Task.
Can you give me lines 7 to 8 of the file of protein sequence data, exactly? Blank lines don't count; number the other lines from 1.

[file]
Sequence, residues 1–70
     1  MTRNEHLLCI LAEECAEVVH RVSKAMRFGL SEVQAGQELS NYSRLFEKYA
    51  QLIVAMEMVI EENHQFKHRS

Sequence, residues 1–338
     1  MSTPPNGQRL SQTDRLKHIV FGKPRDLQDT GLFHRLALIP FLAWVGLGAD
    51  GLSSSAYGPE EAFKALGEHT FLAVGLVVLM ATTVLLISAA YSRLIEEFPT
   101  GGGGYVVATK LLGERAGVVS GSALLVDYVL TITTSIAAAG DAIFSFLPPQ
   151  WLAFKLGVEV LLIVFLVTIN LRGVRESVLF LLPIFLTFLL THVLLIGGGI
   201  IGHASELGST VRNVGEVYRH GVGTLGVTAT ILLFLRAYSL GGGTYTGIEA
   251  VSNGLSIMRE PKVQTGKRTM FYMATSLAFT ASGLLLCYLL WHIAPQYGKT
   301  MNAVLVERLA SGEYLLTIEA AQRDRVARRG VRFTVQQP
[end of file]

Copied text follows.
   101  GGGGYVVATK LLGERAGVVS GSALLVDYVL TITTSIAAAG DAIFSFLPPQ
   151  WLAFKLGVEV LLIVFLVTIN LRGVRESVLF LLPIFLTFLL THVLLIGGGI